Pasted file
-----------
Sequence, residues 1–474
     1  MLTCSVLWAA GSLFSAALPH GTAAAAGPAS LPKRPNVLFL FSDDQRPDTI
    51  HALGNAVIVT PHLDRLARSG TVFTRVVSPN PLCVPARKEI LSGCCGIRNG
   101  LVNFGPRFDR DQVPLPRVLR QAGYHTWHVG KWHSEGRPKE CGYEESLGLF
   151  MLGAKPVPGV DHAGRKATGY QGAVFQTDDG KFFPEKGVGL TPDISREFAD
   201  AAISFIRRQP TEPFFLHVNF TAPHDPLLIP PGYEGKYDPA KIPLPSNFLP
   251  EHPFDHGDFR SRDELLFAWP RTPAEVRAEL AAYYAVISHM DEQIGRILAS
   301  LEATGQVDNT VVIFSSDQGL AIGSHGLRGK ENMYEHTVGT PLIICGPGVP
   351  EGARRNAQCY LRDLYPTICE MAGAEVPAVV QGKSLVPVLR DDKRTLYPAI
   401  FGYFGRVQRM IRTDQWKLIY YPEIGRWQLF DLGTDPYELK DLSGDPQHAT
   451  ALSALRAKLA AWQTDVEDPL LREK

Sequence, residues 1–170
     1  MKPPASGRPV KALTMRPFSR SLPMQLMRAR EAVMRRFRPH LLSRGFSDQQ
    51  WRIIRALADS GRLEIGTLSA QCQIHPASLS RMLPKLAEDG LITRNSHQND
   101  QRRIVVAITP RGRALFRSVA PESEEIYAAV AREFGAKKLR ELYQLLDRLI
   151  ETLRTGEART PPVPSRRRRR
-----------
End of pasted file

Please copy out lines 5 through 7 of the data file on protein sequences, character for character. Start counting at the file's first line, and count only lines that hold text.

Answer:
   151  MLGAKPVPGV DHAGRKATGY QGAVFQTDDG KFFPEKGVGL TPDISREFAD
   201  AAISFIRRQP TEPFFLHVNF TAPHDPLLIP PGYEGKYDPA KIPLPSNFLP
   251  EHPFDHGDFR SRDELLFAWP RTPAEVRAEL AAYYAVISHM DEQIGRILAS